LGBTQ Milestones in the Capital City
|By Todd Heywood|
1972 – East Lansing is the first municipality in the nation to adopt a non-discrimination ordinance protecting people based on sexual orientation.
1974 – Lesbian Connections magazine begins publication every two months.
1979 – The first meeting of the Lansing Association for Human Rights is held. At first, the local LGBTQ organization was a loose confederation of community members gathered together in social solidarity.
1983 – First AIDS case diagnosed in Ingham County at Lansing General Hospital
1985 – The Lansing Area AIDS Network is formed by Doak Bloss, Maxine Thome, Suellen Hozman, Tom McQuire, Beth Schiably and others.
1986 – 42 local gay men are arrested in a sting operation at the Holt Rest Area. Police, prosecutors and media coordinate to release the names and identities of the men.
1989 – Greater Lansing Gay Men’s Chorus is founded; Michigan Pride March and Festival begins 1990 – Offices of Lesbian Connections magazine catch fire 1990 – Greater Lansing Gay Men’s Chorus is kicked out of River Terrace Church.
1990 – MSU adopts non-discrimination policy which includes sexual orientation.
1992 – Lansing Community College becomes second community college in the state to prohibit discrimination on the basis of sexual orientation.
1992 – M. Kate Murphy becomes first openly gay person appointed to a Michigan community college board at LCC.
1993 – Following the election of David Hollister as mayor, Lansing Police Chief Mark Alley personally apologizes for past arrests and targeting of the LGBTQ community.
1994 - Lansing’s first, and only, LGBT community book store — The Real World Emporium — officially opens for business in Lansing’s Old Town.
1995 – Chris Swope runs as an openly gay candidate for the Lansing City Council in the First Ward. He loses the election to Harold Leeman Jr.
1996 – Lansing City Council approves a comprehensive human rights ordinance 1996 – Beloved Lansing State Journal sports writer Bob Gross found murdered in his downtown home. His body was mutilated and his home was set on fire. Gross’ murder is one of several high profile murders of gay men that year.
1996 – Citizens opposed to LGBTQ equality gather enough signatures to place the recently adopted human right ordi nance on the November ballot. Lansing City Council subsequently approves two ballot measures related to the ordinance.
1996 – Citizens of Lansing reject the comprehensive human rights ordinance in a referendum.
1997 – Robert Durfee goes on trial for the murder of Bob Gross. Mainstream media finally report that Gross was allegedly murdered because he was gay.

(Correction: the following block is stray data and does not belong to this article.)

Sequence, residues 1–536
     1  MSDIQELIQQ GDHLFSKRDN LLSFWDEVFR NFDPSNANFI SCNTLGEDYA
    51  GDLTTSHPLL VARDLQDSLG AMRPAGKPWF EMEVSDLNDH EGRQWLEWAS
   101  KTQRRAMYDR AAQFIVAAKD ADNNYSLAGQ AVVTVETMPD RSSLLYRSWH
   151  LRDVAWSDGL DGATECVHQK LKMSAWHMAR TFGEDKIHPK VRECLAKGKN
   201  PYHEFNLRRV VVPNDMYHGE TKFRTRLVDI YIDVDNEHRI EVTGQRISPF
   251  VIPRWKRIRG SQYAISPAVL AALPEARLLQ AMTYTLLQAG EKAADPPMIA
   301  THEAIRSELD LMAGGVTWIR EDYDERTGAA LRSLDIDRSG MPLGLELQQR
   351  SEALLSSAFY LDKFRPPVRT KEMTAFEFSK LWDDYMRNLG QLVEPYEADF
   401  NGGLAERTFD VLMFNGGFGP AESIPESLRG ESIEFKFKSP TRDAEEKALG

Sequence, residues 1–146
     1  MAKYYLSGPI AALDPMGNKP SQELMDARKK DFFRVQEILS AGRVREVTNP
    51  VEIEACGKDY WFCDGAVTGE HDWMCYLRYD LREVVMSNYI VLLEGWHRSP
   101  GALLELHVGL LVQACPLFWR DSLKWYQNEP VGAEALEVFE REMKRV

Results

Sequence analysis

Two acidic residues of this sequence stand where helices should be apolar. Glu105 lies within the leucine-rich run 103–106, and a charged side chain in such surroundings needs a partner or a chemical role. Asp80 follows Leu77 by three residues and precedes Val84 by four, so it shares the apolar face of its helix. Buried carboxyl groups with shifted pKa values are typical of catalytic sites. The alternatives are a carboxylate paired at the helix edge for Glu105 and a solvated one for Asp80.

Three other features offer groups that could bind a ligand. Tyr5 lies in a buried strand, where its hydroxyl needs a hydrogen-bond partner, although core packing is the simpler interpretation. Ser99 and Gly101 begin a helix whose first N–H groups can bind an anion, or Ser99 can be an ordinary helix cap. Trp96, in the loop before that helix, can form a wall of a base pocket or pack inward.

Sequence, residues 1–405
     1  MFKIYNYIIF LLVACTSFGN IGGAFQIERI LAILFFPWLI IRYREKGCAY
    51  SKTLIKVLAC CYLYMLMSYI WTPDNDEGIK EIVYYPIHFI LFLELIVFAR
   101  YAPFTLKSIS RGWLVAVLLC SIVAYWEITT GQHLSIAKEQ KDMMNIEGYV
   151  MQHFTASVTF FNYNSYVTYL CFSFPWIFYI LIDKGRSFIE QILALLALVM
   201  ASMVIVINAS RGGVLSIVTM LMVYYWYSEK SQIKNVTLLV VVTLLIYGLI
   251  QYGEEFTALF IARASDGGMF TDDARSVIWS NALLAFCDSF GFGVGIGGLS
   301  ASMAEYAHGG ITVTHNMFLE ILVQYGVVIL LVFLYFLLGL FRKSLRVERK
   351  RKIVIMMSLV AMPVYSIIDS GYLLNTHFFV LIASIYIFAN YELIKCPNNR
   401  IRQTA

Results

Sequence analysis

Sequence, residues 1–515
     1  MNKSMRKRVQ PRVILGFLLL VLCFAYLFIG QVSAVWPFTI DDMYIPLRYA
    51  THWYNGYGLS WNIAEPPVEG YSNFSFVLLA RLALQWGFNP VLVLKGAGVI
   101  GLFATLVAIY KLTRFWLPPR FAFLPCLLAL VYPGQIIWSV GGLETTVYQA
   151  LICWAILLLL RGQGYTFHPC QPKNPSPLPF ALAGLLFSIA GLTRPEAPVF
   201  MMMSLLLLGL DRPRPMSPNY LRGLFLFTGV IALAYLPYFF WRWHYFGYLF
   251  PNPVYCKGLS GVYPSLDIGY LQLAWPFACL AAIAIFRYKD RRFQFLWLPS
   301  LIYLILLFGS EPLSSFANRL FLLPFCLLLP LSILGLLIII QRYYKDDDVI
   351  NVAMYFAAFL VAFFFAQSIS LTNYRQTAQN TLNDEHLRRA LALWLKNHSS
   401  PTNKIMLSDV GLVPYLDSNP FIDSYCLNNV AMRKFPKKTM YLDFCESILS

1997 – Rachel Crandall starts Transgender Michigan, an equality and education organization dedicated to transgender equality.
1997 – MSU Board of Trustees adopt domestic partner benefits over the opposition of President M. Peter McPherson.
2000 – Chris Swope runs for, and is elected, to the Ingham County Board of Commissioners. He becomes the first openly gay elected official on the board.
2001 – Todd Heywood is elected to the LCC board, becoming the first openly gay male elected to a community college board in Michigan.
2002 – LCC becomes the first community college in Michigan to offer domestic partner benefits to employees.
2003 – Melissa Sue Robinson becomes the first out transgender woman to run for elective office in Lansing. She seeks election to the post of mayor.
2004 – A young gay man is brutally attacked at Lansing Eastern High School. The beating of the young black man leaves him in a medically induced coma for a time.
2004 – Michigan voters approve an amendment to the Michigan Constitution defining marriage as a union between one man and one woman. Ingham County is one of only two counties to vote the amendment down.
2005 – Chris Swope is elected Lansing city clerk.
2005 – Kathie Dunbar is elected to the Lansing City Council, becoming the first openly bisexual elected city official.
2006 – Lansing adopts a comprehensive human rights ordinance. While there was some opposition to the law, opponents were unable to put the law on the ballot.
2007 – Dr. Julie Nemecek’s firing from Spring Arbor University because she was transgender leads LCC to apply its nondiscrimination policy to partnerships, including Spring Arbor. Spring Arbor bows out.
2009 – Two gay men are arrested in Fenner Nature Center. Lansing officials released the HIV status of one of the men arrested — resulting in the city adopting more stringent Freedom of Information Act policies.
2013 - Delta, Delhi and Meridian townships all adopt comprehensive human rights ordinance.
March 2014 – Same-sex marriage in Michigan was ruled legal by the U.S. District Court for Michigan´s Eastern District. The first gay marriage in the state was performed March 22 by Ingham County Clerk Barb Byrum. More than 300 same-sex couples were married that day but a stay was issued late that same day. A federal appeals court stayed the ruling indefinitely March 25.